In 2003 nations pledged to place 20-30% of the world's oceans into no-take marine parks, writes Jessica Meeuwig - but more than ten years on, such areas now cover just 1% of ocean area. Now the World Parks Congress in Sydney, Australia, provides an opportunity to drive marine protection forward, and benefit both ecology and economy. more...
Is this the kind of Arctic you want, cross-crossed by shipping, complete with oil rigs, mining, industrial fishing and pollution? If not, get behind the Arctic Declaration! Photo: epsdave via Pixabay.

We must keep the Arctic clean, wild and free!

Professor Robert Spicer

17th November 2014

The Arctic is a special place, teeming with life, but it is under threat like never before, writes Robert Spicer - not just from climate change, but from oil drilling, industrial fishing and shipping, as receding ice creates now commercial opportunities. We must designate an Arctic Sanctuary where nature can reign undisturbed. more...
Over 50% of an iguana shipment found dead. Photo: PETA.

The exotic pet trade is a global evil that must be stopped

Clifford Warwick

10th November 2014

Behind the relatively sanitized façade of the exotic pet industry resides a vast chronicle of species decline, ecological disruption, animal suffering, mortality, and the global dissemination of pathogens, writes Clifford Warwick. We are in the midst of a profit-fueled frivolous wildlife biocide, as animal traders strive to bring the next curiosity fish, turtle or primate into our homes. more...
Cod smolts among seagrass. Photo: John Carroll.

For the love of cod, let's save our disappearing seagrass

Richard K. F. Unsworth

4th November 2014

Seagrass provides a key marine habitat, writes Richard Unsworth - it stablises the sea floor, sustains rich ecosystems, soaks up excess nutrients, sequesters carbon dioxide, feeds dugongs, and nurtures young cod. Hadn't we better stop wiping out some 1,500 sq.km of seagrass meadows every year? more...
Hunting for lugworms for fishing bait at Brighton beach. Photo: Martin Thomas via Flickr.

Lugworms suffer toxic impact of acidifying oceans

Alex Kirby

30th October 2014

A common marine worm key to the richness of many coastal ecosystems is being damaged by the increasing ocean acidification that was thought to imperil mainly shellfish and coral, writes Alex Kirby. It's an unwelcome sign of more unexpected ecological changes to come. more...
In Ghana, more than 100,000 straw coloured fruit bats are harvested as bushmeat every year. But the country is not affected by the Ebola epidemic. Photo: Diana Ranslam, CC BY-NC.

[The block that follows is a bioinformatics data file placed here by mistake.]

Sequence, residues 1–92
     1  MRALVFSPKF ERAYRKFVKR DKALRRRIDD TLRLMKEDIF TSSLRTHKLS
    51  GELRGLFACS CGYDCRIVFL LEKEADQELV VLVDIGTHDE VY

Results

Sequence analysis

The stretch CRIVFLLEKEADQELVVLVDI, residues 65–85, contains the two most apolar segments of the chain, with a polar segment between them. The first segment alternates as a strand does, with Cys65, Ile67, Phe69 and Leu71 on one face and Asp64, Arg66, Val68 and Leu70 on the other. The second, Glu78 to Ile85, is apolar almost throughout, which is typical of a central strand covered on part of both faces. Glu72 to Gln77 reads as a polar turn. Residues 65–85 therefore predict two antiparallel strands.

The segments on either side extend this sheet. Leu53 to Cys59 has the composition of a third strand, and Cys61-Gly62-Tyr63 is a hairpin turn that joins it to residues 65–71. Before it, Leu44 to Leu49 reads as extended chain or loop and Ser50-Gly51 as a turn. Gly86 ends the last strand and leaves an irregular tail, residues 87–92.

Ebola: don't blame the bats!

Alexandra Kamins, Marcus Rowcliffe & Olivier Restif

23rd October 2014

Bats serve as a natural reservoir for the Ebola - but we cannot blame them for the epidemic. In Ghana alone people eat over 100,000 fruit bats a year as 'bushmeat', yet the country has escaped the epidemic. Much more research is needed to discover the mechanisms of transmission, and to devise effective, appropriate interventions. more...

Future NOW

8 November 2014

Will Gethin

Taking place in the run up to Bristol's year as Green Capital 2015, this groundbreaking spiritual ecology conference calls for Consciousness Revolution. more...
Fish exploding from the ocean off the North Carolina coast - but global fish stocks are doing no such thing. Photo: Jared Cherup via Flickr.

Plenty more fish in the sea? Not if we follow healthy eating guidelines

Ruth H. Thurstan & Callum Roberts

6th November 2014

Until demand for fish is balanced with sustainable methods of production, write Ruth Thurstan & Callum Roberts, governments should consider the social and environmental implications of promoting greater fish consumption. Worldwide, wild fish supplies per person have been declining ever since 1970. more...
Japanese knotweed makes short work of concrete and tarmac. In its native habitat, it has learnt to crack up volcanic rock. Photo: Rob Tanner.

Japanese knotweed - could a tiny insect tame the monster?

Kate Constantine

17th October 2014

Since Japanese knotweed won a gold medal in 1847 as 'interesting new ornamental of the year', it has become far too much of a good thing, writes Kate Constantine. But could the oriental triffid be tamed following the UK introduction of a specialist pest from Japan's volcanic uplands? more...